Venice, Basel: 1532. First edition. In 17th century leather binding. Spine with six raised bands, gilt compartments, one with title. Gilt turn-ins. Tinted edges. Binding rubbed at the extremities, some loss to leather at corners and joints, otherwise firm. Old damp stain, brown and grayish stains, affecting the first and last few quires stronger.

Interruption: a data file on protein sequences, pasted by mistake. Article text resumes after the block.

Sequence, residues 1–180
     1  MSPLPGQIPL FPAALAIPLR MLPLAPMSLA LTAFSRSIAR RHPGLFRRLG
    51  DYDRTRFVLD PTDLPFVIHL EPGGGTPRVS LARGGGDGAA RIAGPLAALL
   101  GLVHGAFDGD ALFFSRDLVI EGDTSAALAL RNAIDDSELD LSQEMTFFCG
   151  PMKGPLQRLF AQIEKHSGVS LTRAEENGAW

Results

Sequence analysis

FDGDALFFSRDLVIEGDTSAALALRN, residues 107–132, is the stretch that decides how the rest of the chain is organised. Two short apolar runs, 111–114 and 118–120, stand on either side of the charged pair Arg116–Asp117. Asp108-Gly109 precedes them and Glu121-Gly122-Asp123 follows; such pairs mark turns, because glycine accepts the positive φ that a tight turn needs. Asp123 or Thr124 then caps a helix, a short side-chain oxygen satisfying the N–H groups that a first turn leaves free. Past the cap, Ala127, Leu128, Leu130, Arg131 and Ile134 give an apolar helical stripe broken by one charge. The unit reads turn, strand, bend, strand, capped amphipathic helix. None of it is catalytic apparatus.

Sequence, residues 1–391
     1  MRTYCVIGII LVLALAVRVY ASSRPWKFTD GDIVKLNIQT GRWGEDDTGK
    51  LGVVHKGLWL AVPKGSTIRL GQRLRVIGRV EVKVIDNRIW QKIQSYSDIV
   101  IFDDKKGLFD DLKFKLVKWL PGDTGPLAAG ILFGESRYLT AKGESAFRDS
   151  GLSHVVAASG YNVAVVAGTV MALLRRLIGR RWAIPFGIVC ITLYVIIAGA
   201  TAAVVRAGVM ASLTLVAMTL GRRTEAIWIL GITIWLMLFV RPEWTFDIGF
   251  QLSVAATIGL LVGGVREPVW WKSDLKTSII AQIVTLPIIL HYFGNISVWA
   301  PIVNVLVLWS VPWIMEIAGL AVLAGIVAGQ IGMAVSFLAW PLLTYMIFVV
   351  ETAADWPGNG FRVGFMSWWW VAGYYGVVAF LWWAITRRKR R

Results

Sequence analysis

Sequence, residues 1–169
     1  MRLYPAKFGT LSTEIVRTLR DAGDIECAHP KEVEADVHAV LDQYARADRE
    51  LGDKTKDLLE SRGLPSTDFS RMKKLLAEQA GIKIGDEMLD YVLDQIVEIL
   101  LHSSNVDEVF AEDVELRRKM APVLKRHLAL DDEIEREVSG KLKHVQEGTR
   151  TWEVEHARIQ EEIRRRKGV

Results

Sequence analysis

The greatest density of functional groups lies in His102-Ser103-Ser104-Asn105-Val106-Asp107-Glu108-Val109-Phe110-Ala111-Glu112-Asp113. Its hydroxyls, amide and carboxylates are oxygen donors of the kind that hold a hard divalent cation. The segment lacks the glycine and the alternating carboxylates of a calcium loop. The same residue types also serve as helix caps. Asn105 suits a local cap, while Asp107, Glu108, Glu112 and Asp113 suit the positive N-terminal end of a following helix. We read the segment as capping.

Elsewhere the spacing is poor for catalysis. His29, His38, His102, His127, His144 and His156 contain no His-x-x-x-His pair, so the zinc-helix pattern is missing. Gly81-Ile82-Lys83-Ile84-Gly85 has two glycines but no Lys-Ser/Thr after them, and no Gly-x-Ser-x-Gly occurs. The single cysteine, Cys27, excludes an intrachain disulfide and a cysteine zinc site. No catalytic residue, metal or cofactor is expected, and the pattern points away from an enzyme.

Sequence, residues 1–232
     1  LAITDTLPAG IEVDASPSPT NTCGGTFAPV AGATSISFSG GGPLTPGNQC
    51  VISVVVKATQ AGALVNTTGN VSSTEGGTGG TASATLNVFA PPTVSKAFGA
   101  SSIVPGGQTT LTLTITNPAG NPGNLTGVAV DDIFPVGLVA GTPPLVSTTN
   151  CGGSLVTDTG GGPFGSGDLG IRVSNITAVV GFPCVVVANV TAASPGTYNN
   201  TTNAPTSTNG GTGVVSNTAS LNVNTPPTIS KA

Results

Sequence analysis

1] [From colofon:] Stampata in Vinegia [Venice]: per Gulielmo da Fontaneto de Monserra:& Merchio Sessa: e li heredi del. q. Piero de Ravani [Guglielmo da Fontaneto, Melchiorre Sessa e gli eredi di Pietro Ravani], Del.M.D.XXXII . ff.  386., Sign.: a10 b–z8 &8 𝝑8 ℞8 A–M8 N10 O–Z8; ill. (series of: Anima Mia).  Basiliae [Basel]: [From colofon: Apud Henricum Petrum (Heinrich Petri)] Anno restitutae salutis M. D. XXXVII.  mense Martio [From colofon: mense Februario, qui est annus mundi iuxta Judeorum supputationem 5297. & mense Adar]. pp.  154 .; Sign.: a4 A–S4 T6. : First edition by these printers, and under this title. Title in woodcut border, printed in red and black. One full page woodcut illustration, and numerous woodcut text illustrations and initials throughout. Text printed in two columns. Old presentation and possessor’s inscriptions on title page and on f. C. Foxing to N1 and N10. Few leaves in quire P, Y, and Z are slightly over-trimmed at the upper edge, touching the chapter title and pagination. : First edition. Hebrew title in woodcut border. Printed in two columns (except for a few pages or sections), for Hebrew and Latin text. Woodcut printer’s device on last page. Paper tanned due to aging. Few notes and underlines by a contemporary neat hand. An extremely scarce early Malermi translation of the Bible into Italian, bound together with the first Hebrew translation in print of the Gospel of Matthew by Sebastian Münster.  Biblia in lingua materna is an early edition of the Bible in Italian and one of the scarcest editions of the Malermi Bible. The first Italian translation of the Bible appeared as early as 1471 and was the second to be published in any vernacular after German (Mentelin Bible, 1466). The text was translated from the Latin Vulgata primarily by the Venetian Benedictine scholar, Nicolò Malermi (or Malerbi; ca. 1422–1481) around 1470. Malermi and his collaborators,e Lorenzo da Venezia and Girolamo Squarciafico worked on the translation for eight months and, besides their own translation, they also adapted earlier Italian translations of the Holy Scripture. Their work was first published on August 1, 1471, in Venice, it met with great favor and had many successive editions within the following decades. Among them the present 1532 edition, Biblia in lingua materna by Fontaneto and Sessa is one of the scarcest, USTC lists only three copies in Italian collections, none elsewhere (Biblioteca nazionale Sagarriga Visconti-Volpi, Bari; Biblioteca Casanatense, Rome; Biblioteca civica, Tortona; EDIT16 records another, however incomplete copy in the Vatican Library). Except for ours, we could not trace any other copies in the trade. The woodcut illustrations are mainly the reuse of Guglielmo Anima Mia’s 1493 edition of the Bible. The inscription on the title page (“Puygareau dedit”) suggests a relatively early French provenance. Essling 148; Sander 1005, Curi Nicolardi (Melchiorre Sessa tipografo ed editore) 58; Barbieri 18.  The second work in this volume, the translation of the Gospel of Matthew into Hebrew, is the first appearance in print of any portion of the New Testament in this language. Prior to the 16th century, Hebrew translations of passages from the New Testament appeared in Jewish polemical writings against Christianity, the earliest Hebrew translation of an entire New Testament book, also the Gospel of Matthew, was made in the 14th century in Spain. The first translation of the entire New Testament, by Elias Hutter, was published only at the end of the 16th century. (Shuali, 2016) Evangelium secundum Matthaeum in lingua Hebraica was translated by the influential German Protestant Hebraist, cartographer, and cosmographer, Sebastian Münster (1488–1552) in Basel, entitled in Hebrew Torat ha-Mashiaḥ, “The Torah of the Messiah”, and dedicated to King Henry VIII of England. Within the dedicatory text, Münster explains that he had received the Hebrew Matthew from Spanish Jews, allegedly Conversos, in a defective state with many omissions, and he restored what was lacking in the manuscript, however, failed to mark those passages. (Howard, 1986; Lapide, 1984) Scarce on the market, RBH records the sale of only three copies within the last 60 years. Litarature: Barbieri, E. (1989). La fortuna della “Biblia Vulgarizata” di Nicolò Malerbi. Aevum, 63(3), 419–500. http://www.jstor.org/stable/20858445; Curi Nicolardi, S. 2019. Melchiorre Sessa Tipografo Ed Editore (Venezia 1506-1555). Milano: Mimesis.; Howard, G. (1986). The Textual Nature of an Old Hebrew Version of Matthew. Journal of Biblical Literature, 105(1), 49–63. https://doi.org/10.2307/3261110; Lapide, P. E. (1984). Hebrew in the Church: The Foundations of Jewish-Christian Dialogue. (n.p.): William B. Eerdmans Publishing Company.; Shuali, E. (2016). Why Was the New Testament Translated into Hebrew?: An Introduction to the History of Hebrew Translations of the New Testament. Open Theology, 2(1). https://doi.org/10.1515/opth-2016-0041.